Review: Uncle Rooster

Art and Interlocution: Uncle Rooster and The Elephant Man as script vs. experience

By Patrick Mueller
Written 2/27; revised for publication 3/22

To be forthright: I have issues with traditional theatre (script-driven narrative plays on stage) as a practice – the subservience to plot and script (and the focus on the text that arises from this), predilections for pretending (as opposed to more engulfing applications of imagination and design), and underlying it all a firm, to my mind ridiculous belief that it’s possible to recreate pedestrian reality in some legitimate way through stage tricks and stultified acting techniques. If the text is the primary value of the work, why build an extensive set for the actors to putter around on? Or if naturalism is the goal, the real-world settings and 1st-person perspectives of TV and film offer me a much more detailed experience (if still distinctly not “real”). Why not allow live performance to be more than a story, more than representation, and instead offer a direct experience of something other than what we already know?

Uncle Rooster (Countdown to Zero, at work|space Denver 2/17-3/3) and The Elephant Man (PHAMALY, at the Arvada Center through 2/26) both fit into the basic category of script-based theatre, and deserve to be fairly assessed within that; but both of them also introduce crucial other elements that shift them at least partially outside of this calcified, retrogressive genre.

Tami Canaday’s Rooster is an Animal Farm-esque political parable, using a barnyard community to illustrate the dangers of selling liberties for security. The Elephant Man, written by Bernard Pomerance, is a dramatized documentary that uses the experience of an exquisitely deformed man in late-19th century London to bring up vast questions about God’s hand in creation and fate. Both scripts force the performances to live largely outside of themselves, with the references to real-world political and philosophical issues treated more importantly than the actual world on the stage. And both scripts deliver distinctly worthwhile points about their respective topics, with the characters and action as useful illustrations.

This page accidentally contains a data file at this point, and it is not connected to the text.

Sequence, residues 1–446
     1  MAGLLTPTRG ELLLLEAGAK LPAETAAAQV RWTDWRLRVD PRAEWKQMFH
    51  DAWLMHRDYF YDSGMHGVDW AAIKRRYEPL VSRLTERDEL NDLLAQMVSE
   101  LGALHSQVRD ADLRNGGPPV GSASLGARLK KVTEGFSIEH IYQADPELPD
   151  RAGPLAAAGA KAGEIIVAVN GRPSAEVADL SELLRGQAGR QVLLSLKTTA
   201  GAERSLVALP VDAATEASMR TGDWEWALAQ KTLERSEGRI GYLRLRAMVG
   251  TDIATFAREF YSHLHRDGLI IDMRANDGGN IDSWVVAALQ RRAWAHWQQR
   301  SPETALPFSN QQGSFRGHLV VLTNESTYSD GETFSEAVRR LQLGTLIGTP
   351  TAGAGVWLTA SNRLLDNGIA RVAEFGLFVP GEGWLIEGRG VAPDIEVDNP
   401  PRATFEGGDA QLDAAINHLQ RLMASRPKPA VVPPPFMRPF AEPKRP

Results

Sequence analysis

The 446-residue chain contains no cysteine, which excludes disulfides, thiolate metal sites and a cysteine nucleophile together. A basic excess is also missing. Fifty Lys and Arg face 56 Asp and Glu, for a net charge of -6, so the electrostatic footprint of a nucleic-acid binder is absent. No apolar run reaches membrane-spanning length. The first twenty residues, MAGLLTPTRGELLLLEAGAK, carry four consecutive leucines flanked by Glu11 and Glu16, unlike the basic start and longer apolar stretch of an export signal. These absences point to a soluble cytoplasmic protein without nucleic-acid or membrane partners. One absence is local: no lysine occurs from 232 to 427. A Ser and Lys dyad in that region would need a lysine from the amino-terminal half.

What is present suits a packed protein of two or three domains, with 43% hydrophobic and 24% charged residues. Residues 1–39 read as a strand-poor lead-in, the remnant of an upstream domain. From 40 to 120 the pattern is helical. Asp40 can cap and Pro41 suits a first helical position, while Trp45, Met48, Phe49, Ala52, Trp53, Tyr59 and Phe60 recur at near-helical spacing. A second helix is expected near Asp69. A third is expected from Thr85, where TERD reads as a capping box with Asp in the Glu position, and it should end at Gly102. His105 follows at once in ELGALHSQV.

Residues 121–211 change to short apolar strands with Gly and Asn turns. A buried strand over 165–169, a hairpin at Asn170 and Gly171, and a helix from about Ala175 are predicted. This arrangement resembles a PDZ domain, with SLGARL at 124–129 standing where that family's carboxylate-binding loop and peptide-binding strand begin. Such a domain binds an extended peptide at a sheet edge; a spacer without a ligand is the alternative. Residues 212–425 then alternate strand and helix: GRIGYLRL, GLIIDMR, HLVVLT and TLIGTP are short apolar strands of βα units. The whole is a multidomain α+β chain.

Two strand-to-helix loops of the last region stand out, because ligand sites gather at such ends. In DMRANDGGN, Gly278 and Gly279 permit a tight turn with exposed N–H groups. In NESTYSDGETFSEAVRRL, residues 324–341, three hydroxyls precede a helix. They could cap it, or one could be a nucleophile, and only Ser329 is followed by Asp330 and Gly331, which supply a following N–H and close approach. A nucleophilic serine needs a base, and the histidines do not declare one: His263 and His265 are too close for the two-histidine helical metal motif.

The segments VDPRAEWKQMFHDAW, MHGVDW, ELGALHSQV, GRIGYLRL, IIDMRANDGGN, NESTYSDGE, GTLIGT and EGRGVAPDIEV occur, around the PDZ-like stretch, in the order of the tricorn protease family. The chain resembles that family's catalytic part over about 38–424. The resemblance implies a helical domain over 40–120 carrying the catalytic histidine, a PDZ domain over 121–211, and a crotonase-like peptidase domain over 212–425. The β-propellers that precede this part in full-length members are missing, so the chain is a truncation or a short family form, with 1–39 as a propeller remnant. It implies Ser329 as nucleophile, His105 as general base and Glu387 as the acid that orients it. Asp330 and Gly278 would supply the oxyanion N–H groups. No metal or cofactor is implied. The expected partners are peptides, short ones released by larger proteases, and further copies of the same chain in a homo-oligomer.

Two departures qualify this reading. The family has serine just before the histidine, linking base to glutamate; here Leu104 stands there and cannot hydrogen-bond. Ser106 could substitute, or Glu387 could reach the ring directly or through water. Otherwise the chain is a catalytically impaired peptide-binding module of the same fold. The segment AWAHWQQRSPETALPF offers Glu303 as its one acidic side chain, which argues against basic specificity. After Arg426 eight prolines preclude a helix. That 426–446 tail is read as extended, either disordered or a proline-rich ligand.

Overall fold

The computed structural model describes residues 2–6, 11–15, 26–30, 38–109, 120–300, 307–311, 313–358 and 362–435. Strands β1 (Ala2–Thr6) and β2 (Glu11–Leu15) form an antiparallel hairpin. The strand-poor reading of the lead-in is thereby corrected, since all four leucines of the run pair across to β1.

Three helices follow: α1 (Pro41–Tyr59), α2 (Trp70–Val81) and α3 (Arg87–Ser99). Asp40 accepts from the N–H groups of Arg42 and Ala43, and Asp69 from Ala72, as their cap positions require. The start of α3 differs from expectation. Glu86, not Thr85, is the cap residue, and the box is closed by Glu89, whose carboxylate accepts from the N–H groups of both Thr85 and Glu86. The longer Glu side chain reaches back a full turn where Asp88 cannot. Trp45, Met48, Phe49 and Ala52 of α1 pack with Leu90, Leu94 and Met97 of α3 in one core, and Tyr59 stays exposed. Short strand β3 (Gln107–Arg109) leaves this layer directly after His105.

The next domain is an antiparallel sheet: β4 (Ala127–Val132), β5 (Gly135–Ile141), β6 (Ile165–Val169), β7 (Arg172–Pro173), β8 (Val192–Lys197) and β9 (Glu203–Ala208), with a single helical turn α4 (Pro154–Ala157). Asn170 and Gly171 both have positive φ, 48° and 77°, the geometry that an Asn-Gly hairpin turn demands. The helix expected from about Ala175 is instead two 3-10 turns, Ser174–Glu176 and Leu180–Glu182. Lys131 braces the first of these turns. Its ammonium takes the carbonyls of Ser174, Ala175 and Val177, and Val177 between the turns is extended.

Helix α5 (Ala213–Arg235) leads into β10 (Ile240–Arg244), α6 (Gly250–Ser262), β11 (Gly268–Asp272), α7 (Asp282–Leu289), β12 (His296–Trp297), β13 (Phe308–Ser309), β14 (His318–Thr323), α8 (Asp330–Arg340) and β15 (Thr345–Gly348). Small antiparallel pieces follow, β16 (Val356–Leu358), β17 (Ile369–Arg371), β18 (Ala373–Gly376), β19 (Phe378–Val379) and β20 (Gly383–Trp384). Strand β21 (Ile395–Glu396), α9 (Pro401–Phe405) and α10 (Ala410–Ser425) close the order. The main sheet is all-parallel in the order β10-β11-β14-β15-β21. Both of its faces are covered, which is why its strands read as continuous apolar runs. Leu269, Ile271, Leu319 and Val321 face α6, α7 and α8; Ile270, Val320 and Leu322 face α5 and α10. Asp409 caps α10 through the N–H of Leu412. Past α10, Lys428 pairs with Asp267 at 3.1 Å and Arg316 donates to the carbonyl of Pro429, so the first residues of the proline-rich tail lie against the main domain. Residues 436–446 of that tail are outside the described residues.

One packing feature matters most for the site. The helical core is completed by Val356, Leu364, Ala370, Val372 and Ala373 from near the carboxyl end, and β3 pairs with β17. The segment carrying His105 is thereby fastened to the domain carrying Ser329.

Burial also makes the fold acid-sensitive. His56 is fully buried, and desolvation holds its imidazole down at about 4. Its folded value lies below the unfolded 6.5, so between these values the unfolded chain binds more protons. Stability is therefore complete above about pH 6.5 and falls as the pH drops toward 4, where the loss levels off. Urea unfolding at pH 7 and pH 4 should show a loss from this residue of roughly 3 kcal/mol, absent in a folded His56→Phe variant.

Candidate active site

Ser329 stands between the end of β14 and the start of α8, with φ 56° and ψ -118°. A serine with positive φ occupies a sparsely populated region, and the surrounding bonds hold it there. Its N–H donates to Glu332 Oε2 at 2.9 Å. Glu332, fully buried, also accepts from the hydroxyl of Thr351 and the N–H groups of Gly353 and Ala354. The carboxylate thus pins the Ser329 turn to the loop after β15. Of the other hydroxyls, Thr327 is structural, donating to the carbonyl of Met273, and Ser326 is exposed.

But for me, it’s the things beyond the words that make these performances more than essays on morals and values. The Elephant Man brings its audiences into direct contact with the extreme bodily deformity of main character John Merrick. Presented by Denver’s Physically Handicapped Actors and Musical Artists League, Merrick’s character, played by Daniel Traylor, takes on a depth that contains both reality and well-studied, skillfully delivered physicality. Surreal aspects of the play’s plot and characters gain vibrancy in an environment where everyone “has” something – blindness, Aspergers, quadriplegia,… And as the audience becomes familiar with these characters, the production delivers a bluntly powerful double-message about the role of handicapped people in society, and the ways in which a person can too easily be defined by their disability instead of their many remarkable abilities.

Uncle Rooster offers a very different, but similarly engaging, set of physicalities. In a plot nearly devoid of action, the characters are in danger of being simply mouth-pieces for a lecture on power and corruption. Fortunately, Countdown to Zero, under the direction of LIDA Project’s Brian Freeland, balances this semiotic load with a strongly physical performance. Set and Lighting Designer Amelia Charter smashes together the “real” and “fake” in a cartoon landscape with a children’s-book line-drawing backdrop, real sod on a starkly rectilinear stage area, and Robin Davies’s simple wire masks that reveal the human face of the performer clearly under the sketched animal head. The performers offer heightened/reduced embodiment of their character’s species: the hen (Rhea Amos) scratches continually, the mule (Davies) never lifts his hanging head, and the weasel (Ryan Wuestewald) bobs and weaves, nose leading, with every step. The full effect, like a children’s story gone horribly wrong, is a dystopic cartoon world where things don’t quite fit together, where values and morality reveal intrinsic dissonances, and any possibility of a peaceful, just resolution disappears.